“Student-Athletes”

In the world of NCAA Division I football, it is an inescapable reality that schools around the country admit athletes who academically have no business at these institutions of higher learning. At my own alma mater, THE University of Texas, there is a chance that Vince Young might not have gotten in were he applying solely on academics. Yes, VY brought the school its 1st National Championship in 30-odd years, but probably would not cut it academically.

This reality is nothing new, everyone knows about it. Folks, it happens at most schools (except Rice). So why am I pointing out the obvious?

Well, per my daily routine, I mosied on over to SI.com’s NCAA football section to check out the latest happenings in the sport. Perusing through the ‘top stories’, I noticed a disturbing trend. Here are the top stories:

That’s 12 stories, 7 of which have to do with criminal activity (or disciplinary problems) by athletes or even staff.

This begs the following questions, is this type of behaviour related to the lowered admission standards that are set for football players? What kind of people are these universities letting in?

Even UT is not immune for there was an incident this season where a starting CB (Tarrell Brown) was suspended for the biggest game of the year (vs. Ohio State). I won’t even mention the dismissal of Ramonce Taylor during the offseason, a big part of last year’s national championship team, because of behavior issues.

What would happen if athletes were subject to the same admission standards as the rest of the student body? Would we see a lesser product on the football field? Or would we not notice because everyone would be at the same level? So many questions…

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5 Responses to “Student-Athletes”

  1. jasonk says:

    I think the answer might be a lot more obvious than low admission standards.
    In my observation, people are stupid. That’s it.
    A man gets hired to a dream job, maybe THE dream job in his profession–head coach of one of the most storied football programs in the country. Then within days, he resigns in shame because he gets drunk at a strip club. Raise the admission standards all you want, but it wouldn’t have helped that head coach.
    I have a friend in the training/coaching department of my firm. She tells me stories, lots of them, of people who are smart enough to pass a series of amazingly difficult exams, but get to training in St. Louis, and are sent home and fired because they get drunk and trash their room, or spend their per diem on strippers and casinos across the river.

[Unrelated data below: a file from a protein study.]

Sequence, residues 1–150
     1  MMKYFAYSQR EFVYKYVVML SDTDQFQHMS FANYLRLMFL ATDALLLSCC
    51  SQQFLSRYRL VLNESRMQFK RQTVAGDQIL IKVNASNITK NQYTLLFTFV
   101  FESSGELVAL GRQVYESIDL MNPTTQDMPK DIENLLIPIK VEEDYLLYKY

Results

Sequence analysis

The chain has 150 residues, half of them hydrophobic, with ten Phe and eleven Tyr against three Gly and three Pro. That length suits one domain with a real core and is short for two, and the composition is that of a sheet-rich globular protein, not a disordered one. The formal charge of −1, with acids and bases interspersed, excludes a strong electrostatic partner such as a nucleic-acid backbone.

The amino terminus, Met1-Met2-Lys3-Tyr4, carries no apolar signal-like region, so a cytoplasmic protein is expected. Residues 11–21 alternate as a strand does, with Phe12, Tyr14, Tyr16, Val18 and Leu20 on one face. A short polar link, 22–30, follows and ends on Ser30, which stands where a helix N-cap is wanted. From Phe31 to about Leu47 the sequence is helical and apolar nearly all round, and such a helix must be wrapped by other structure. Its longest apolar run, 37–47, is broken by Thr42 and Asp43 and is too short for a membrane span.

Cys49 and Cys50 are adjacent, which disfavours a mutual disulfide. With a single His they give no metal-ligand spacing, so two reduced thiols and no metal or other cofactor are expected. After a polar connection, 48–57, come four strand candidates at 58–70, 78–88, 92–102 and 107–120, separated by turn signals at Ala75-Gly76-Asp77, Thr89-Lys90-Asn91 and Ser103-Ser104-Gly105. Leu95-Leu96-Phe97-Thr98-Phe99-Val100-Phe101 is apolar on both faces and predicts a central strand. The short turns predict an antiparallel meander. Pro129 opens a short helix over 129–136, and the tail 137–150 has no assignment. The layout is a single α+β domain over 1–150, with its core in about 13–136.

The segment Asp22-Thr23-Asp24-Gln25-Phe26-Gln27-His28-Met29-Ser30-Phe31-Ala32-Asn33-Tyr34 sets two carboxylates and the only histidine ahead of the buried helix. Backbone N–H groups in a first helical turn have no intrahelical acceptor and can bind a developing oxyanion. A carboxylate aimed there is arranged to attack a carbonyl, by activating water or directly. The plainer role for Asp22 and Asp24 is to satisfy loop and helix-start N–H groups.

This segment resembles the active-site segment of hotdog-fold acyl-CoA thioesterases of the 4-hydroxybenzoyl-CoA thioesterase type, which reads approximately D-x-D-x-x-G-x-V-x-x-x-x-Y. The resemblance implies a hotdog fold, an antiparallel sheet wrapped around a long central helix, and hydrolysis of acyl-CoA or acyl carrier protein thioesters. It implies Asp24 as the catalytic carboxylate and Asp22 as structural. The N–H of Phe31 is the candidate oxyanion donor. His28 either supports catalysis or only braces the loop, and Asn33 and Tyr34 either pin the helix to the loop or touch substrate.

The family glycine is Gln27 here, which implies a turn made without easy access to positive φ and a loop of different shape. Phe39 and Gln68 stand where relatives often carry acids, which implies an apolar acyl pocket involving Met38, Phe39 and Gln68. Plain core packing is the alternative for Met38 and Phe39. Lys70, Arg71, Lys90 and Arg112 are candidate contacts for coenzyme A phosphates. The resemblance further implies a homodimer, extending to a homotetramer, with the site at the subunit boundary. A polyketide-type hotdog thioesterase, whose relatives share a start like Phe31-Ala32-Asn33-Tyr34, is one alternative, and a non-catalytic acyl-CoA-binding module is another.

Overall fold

People just aren’t too bright.

  2. Anonymous says:

    I may be restating what jasonk has already said, but just because people are academically on a higher level by no means guarantees that their behavior will be of equally high standards. On the flip side, people with low academic intelligence are not automatically delinquents. As for college football players, I suppose they are acting up as much as any of us may have in college, only the consequences of their actions afect a much broader range of people than ours did.

  3. jasonk says:

    Anon is right. People in the “team” athletic community seem to think differently than non-athletes. Even when they transition to the business world, their mentality seems to be very “locker room” in nature. The towel-popping, wedgie-giving, “aw come on I was just kiddin around” mentality where people try to one-up each other all the time.
    Not that all team athletes are this way–I am seriously generalizing–but it seems that it has the potential to lead to this kind of behavior.

  4. Doc Hancock says:

    A good example would have to be Lamar Thomas, who was fired after those dumb comments during the Miami-FIU brawl. He thought that it would be appropiate to use things that would be deemed appropiate for the locker room or some obscure talk show, but he instead uses it on television.

  5. Lazaro says:

    How soon I forget all the stupid things I did in college, and I did meet the admission standards.
    Of course my actions then were not in the public eye, my lack of celebrity status being the culprit…

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